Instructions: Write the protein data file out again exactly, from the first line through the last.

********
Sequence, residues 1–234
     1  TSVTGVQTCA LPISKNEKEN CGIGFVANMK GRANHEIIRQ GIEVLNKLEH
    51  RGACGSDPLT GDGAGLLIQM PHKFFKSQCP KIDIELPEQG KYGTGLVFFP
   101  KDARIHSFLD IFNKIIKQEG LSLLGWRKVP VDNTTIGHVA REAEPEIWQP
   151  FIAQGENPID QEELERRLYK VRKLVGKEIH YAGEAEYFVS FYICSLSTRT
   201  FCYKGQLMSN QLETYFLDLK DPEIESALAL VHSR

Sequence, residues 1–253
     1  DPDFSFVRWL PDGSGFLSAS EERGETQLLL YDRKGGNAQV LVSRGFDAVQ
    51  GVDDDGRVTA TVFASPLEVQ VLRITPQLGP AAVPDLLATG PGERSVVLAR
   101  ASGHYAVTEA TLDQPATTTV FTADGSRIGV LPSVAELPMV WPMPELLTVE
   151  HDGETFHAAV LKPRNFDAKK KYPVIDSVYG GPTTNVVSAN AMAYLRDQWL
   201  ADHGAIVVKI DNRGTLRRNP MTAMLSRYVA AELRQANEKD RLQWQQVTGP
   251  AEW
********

Sequence, residues 1–234
     1  TSVTGVQTCA LPISKNEKEN CGIGFVANMK GRANHEIIRQ GIEVLNKLEH
    51  RGACGSDPLT GDGAGLLIQM PHKFFKSQCP KIDIELPEQG KYGTGLVFFP
   101  KDARIHSFLD IFNKIIKQEG LSLLGWRKVP VDNTTIGHVA REAEPEIWQP
   151  FIAQGENPID QEELERRLYK VRKLVGKEIH YAGEAEYFVS FYICSLSTRT
   201  FCYKGQLMSN QLETYFLDLK DPEIESALAL VHSR

Sequence, residues 1–253
     1  DPDFSFVRWL PDGSGFLSAS EERGETQLLL YDRKGGNAQV LVSRGFDAVQ
    51  GVDDDGRVTA TVFASPLEVQ VLRITPQLGP AAVPDLLATG PGERSVVLAR
   101  ASGHYAVTEA TLDQPATTTV FTADGSRIGV LPSVAELPMV WPMPELLTVE
   151  HDGETFHAAV LKPRNFDAKK KYPVIDSVYG GPTTNVVSAN AMAYLRDQWL
   201  ADHGAIVVKI DNRGTLRRNP MTAMLSRYVA AELRQANEKD RLQWQQVTGP
   251  AEW